"I love you, too."Noah opened her car door, and they kissed one more time. Then she slid behind thewheel, never taking her eyes from him. She put the packet of letters and the pocketbooknext to her on the seat and fumbled for the keys, then turned the ignition. It startedeasily, and the engine began to turn over impatiently. It was almost time.Noah pushed her door closed with both hands, and Allie rolled down the window. She could see the muscles in his arms, the easy smile, the tanned face. She reached out her hand and Noah took it for just a moment, moving his fingers softly against her skin."Stay with me," Noah mouthed without sound, and this for some reason hurt more than Allie would have expected. The tears began to fall hard now, but she couldnt speak.Finally, reluctantly, she looked away and pulled her hand from his. She put the carin gear and eased the pedal down just a bit. If she didnt leave now, she never would.Noah backed up just a bit as the car started to roll away.He fell into an almost trancelike state as he felt the reality of the situation.He watched the car roll slowly forward; he heard the gravel crunching under the wheels.Slowly the car began to turn from him, toward the road that would take her back totown. Leaving‐‐she was leaving!‐and Noah felt dizzy at the sight.Edging forward.., past him now...She waved one last time without smiling before she began to accelerate, and he waved back weakly. "Dont go!" he wanted to shout as the car moved farther away. But he didnt say anything, and a minute later the car was gone and the only remaining signs of her were the tracks that her car had left behind.He stood there without moving for a long time. As quickly as she had come, she wasgone. Forever this time. Forever. He closed his eyes then and watched her leaveonce more, her car moving steadily away from him, taking his heart with her.But, like her mother, he realized sadly, she never looked back.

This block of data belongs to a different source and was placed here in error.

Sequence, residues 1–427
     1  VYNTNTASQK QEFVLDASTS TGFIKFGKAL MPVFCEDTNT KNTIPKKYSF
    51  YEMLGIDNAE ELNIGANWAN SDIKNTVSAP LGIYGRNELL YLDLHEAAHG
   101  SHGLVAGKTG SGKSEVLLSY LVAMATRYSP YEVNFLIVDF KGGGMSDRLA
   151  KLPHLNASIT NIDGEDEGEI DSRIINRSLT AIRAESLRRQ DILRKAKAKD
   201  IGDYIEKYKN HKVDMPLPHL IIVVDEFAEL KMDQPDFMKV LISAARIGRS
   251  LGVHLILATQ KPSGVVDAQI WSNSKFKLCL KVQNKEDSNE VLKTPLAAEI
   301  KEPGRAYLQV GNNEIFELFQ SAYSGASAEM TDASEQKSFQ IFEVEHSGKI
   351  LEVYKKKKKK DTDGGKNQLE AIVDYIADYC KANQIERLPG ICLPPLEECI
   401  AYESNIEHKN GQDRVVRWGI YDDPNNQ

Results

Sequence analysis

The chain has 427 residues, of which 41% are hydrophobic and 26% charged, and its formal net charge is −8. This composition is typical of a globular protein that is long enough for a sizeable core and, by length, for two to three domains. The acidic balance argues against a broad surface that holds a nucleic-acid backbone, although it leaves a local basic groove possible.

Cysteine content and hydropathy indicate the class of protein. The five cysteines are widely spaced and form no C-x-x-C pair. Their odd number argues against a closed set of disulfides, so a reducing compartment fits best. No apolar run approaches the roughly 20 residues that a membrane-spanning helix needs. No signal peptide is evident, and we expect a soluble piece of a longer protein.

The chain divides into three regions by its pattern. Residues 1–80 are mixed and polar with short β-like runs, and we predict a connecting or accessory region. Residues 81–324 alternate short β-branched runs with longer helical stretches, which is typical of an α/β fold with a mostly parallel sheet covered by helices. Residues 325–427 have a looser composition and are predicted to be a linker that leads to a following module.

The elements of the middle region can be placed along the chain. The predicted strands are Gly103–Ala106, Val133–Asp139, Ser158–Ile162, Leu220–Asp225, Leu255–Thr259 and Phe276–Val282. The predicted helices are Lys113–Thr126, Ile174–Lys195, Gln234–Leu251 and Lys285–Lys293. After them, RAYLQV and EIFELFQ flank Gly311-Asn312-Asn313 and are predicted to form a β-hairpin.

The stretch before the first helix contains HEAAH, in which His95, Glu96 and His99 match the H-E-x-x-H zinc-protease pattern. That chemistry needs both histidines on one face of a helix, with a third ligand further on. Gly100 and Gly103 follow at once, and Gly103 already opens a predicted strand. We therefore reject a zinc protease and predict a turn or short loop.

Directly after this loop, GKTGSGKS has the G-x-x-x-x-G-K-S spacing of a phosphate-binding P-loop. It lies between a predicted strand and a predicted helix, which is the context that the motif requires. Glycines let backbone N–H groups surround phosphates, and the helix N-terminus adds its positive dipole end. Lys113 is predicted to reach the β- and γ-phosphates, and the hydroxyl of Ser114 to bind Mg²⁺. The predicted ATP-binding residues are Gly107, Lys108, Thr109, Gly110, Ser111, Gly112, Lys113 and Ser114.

Letter from yesterdayDiving with tears in her eyes was difficult, but she went on anyway, hoping thatinstinct would take her back to the inn. She kept the window rolled down, thinkingthe fresh air might help clear her mind, but it didnt seem to help. Nothing wouldhelp.She was tired, and she wondered if she would have the energy she needed to talk toLon. And what was she going to say? She still had no idea but hoped that somethingwould come to her when the time came. It would have to.By the time she reached the drawbridge that led to Front Street, she had herselfa little more under control. Not completely, but well enough, she thought, to talkto Lon. At least she hoped so. Traffic was light, and she had time to watch strangers going about their business as she drove through New Bern. At a gas station, a mechanic was looking under the hood of a new automobile while a man, presumably its owner, stood beside him. Two women were pushing baby carriages just outside Hoffman‐Lane, chatting between themselves while they window‐shopped. In front of Hearns Jewelers, a well‐dressed man walked briskly, carrying a briefcase.She made another turn and saw a young man unloading groceries from a truck that blocked part of the street. Something about the way he held himself, or the way he moved, reminded her of Noah harvesting crabs at the end of the dock.She saw the inn just up the street while she was stopped at a red light. She tooka deep breath when the light turned green and drove slowly until she reached theparking lot that the inn shared with a couple of other businesses. She turned inand saw Lons car sitting in the first spot. Although the one next to it was open,she passed it and picked a spot a little farther from the entrance.She turned the key, and the engine stopped promptly. Next she reached into the glove compartment for a mirror and brush, finding both sitting on top of a map of North Carolina. Looking at herself, she saw her eyes were still red and puffy. Like yesterday after the rain, as she examined her reflection she was sorry she didnt have any makeup, though she doubted it would help much now. She tried pulling her hair back on one side, tried both sides, then finally gave up.